China’s wisdom in modernization and democracy can be drawn by Brazil: Brazilian scholar
Published: Apr 10, 2023 07:05 PM
Rio de Janeiro and Beijing. Photos: VCG

Rio de Janeiro and Beijing. Photos: VCG

Editor's Note:

Brazilian President Luiz Inacio Lula da Silva is scheduled to pay a state visit to China from April 11 to 14, the presidential press office announced on March 31. China and Brazil are both major developing countries and important emerging market economies, and the two countries have been promoting comprehensive strategic partnership. What will be the biggest highlight of this visit? How can the two countries jointly uphold multilateralism and address rising global risks? Evandro Menezes de Carvalho (Carvalho), director of the Center for Chinese Studies at the Brazilian college Getulio Vargas Foundation, shared his views on these issues as well as his understanding of Chinese-style modernization and democracy with Global Times (GT) reporter Wang Zixuan.

GT: What do you think is the biggest highlight of this visit? What has been the most prominent impact on China-Brazil relations since President Lula took office?

First of all, I think this visit sends a strong message that President Lula is interested in developing presidential diplomacy. He's trying to start a new moment in bilateral relations, especially after the Jair Bolsonaro government. The former Brazilian president didn't make so much effort to establish good relations with China, especially at the presidential level. So I think this is the first message Lula intends to show that the Brazilian president is totally open to talk and also wants to talk with China.

GT: China and Brazil have supported each other in multilateral mechanisms such as BRICS, G20 and WTO. How do you think the two countries can jointly uphold multilateralism in the current complex situation worldwide? What is the role of the Global South in upholding multilateralism?

I think President Lula will try to renew the Brazilian commitment with these multilateral platforms and international organizations. During Lula's [previous] government, Brazil, together with China, Russia and India, decided to set up the BRIC platform in 2008. At that time, the world was facing an economic crisis, and they also decided to strengthen the G20 in order to promote the reform of the international organizations and international order.

Now we are facing a huge crisis of multilateralism. We know that President Lula is totally engaged in the agenda to support the reform of international organizations, multilateralism and a peaceful solution to the problems of the world. In this way, President Lula and President Xi have the same targets, they can develop a good cooperation in order to bring this agenda back to the stage. 

Actually, there are different reasons compared to 2008 when the reform of the international organizations was supported by China and Brazil because of economic reasons. Now, both countries will probably support the reform of international organizations or the strength of multilateralism because of political reasons, given the situation of Ukraine and the behavior of the US in the international arena. It's time to discuss the international order and promote multilateralism in order to avoid more political conflicts. I think President Lula and President Xi have the same objective in this area.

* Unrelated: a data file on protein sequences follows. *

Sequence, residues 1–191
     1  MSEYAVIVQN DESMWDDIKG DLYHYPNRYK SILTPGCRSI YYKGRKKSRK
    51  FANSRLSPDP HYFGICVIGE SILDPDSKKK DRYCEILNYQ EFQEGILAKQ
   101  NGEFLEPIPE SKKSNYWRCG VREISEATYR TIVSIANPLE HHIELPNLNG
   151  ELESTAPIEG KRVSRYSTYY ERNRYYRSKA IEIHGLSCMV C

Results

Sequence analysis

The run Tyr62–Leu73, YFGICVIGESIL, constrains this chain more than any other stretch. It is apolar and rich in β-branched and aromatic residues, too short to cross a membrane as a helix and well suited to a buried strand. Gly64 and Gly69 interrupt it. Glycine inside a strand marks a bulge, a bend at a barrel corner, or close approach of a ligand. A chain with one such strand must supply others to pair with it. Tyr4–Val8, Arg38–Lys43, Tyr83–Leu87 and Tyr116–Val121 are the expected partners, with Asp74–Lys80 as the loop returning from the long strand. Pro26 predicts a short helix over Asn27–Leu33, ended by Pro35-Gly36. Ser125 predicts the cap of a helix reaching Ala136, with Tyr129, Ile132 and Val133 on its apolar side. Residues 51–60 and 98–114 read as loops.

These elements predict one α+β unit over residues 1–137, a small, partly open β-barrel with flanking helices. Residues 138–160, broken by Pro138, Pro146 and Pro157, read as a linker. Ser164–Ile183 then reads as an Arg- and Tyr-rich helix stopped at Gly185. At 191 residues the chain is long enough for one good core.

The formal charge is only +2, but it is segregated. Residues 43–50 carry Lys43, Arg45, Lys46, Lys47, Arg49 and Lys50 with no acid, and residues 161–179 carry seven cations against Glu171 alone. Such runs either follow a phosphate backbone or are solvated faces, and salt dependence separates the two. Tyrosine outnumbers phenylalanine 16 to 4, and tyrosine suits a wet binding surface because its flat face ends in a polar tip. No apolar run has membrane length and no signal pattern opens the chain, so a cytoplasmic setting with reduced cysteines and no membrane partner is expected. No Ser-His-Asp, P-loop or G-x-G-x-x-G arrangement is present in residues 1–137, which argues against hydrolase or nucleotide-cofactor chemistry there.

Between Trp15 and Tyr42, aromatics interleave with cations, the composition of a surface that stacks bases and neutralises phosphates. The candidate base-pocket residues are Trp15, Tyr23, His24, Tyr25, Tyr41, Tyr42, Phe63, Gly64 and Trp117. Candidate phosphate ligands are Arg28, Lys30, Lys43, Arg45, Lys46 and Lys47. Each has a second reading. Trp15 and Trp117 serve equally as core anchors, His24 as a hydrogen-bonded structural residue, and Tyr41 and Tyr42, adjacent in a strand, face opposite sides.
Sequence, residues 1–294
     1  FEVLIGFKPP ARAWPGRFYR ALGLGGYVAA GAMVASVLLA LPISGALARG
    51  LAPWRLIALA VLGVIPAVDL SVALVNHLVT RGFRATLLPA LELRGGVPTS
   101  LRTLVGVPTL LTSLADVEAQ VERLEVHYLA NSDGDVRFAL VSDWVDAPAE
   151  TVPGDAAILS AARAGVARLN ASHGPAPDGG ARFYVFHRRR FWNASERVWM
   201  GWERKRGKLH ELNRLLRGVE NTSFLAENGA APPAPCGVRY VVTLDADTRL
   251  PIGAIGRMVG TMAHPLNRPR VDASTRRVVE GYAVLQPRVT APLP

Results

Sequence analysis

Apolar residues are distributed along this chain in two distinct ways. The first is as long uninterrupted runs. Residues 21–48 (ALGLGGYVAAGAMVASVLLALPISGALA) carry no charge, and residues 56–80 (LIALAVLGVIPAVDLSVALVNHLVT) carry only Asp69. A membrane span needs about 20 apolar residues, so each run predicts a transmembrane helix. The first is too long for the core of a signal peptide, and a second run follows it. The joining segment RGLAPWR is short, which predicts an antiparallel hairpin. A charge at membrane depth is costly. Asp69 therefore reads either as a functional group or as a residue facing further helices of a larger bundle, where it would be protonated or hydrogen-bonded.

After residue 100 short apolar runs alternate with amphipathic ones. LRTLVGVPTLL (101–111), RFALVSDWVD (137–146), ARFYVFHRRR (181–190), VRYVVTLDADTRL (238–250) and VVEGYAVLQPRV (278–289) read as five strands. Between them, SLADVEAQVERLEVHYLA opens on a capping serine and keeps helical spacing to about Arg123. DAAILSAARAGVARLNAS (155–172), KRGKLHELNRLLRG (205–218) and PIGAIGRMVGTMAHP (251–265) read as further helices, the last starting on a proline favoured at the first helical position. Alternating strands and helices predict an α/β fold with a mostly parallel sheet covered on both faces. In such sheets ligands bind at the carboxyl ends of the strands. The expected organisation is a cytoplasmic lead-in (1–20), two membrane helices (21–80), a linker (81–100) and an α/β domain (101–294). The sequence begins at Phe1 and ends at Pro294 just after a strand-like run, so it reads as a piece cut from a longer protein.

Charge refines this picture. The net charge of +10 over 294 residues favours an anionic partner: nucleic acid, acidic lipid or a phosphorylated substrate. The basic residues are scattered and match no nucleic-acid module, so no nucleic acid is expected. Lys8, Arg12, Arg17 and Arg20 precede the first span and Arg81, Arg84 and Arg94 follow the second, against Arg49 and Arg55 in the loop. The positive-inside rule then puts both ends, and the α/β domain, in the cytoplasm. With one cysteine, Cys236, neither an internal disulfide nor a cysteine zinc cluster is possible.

GT: China and Brazil are both major developing countries and important emerging market economies, they have also established comprehensive strategic partnership. Apart from economic and trade relations, in what other fields can China and Brazil boost cooperation to address rising global risks and challenges?

Apart from economic relations, the second one is that at the political level, we can work together to find a solution in the Ukraine war. In this way, we can also be more active together in the initiatives that can build a more stable and peaceful world. When it comes to bilateral relations, we can improve people-to-people exchanges to let people from both countries know each order better. Besides, we can establish cooperation in technology, communications and education. All of this is important to the reciprocal knowledge about each other.

In the West, there are a lot of misunderstandings, misinformation or fake news about China, especially because of the US, so Brazil could make an effort to avoid this lack of understanding about China. 

GT: You have a deep and unique understanding of the China-proposed Belt and Road Initiative (BRI), and Chinese modernization has become a catchphrase after the 20th National Congress of the Communist Party of China. Do you think the path of China's modernization can provide some experience for Brazil and other developing countries?

China offers the world a lot of Chinese wisdom and philosophy, the Chinese modernization, to a certain extent, reflects their way of economic development. We need to learn all the Chinese experience and Chinese philosophy to better understand the country in this century. China has developed several concepts, including the community with a shared future for mankind, the Global Civilization Initiative and the BRI.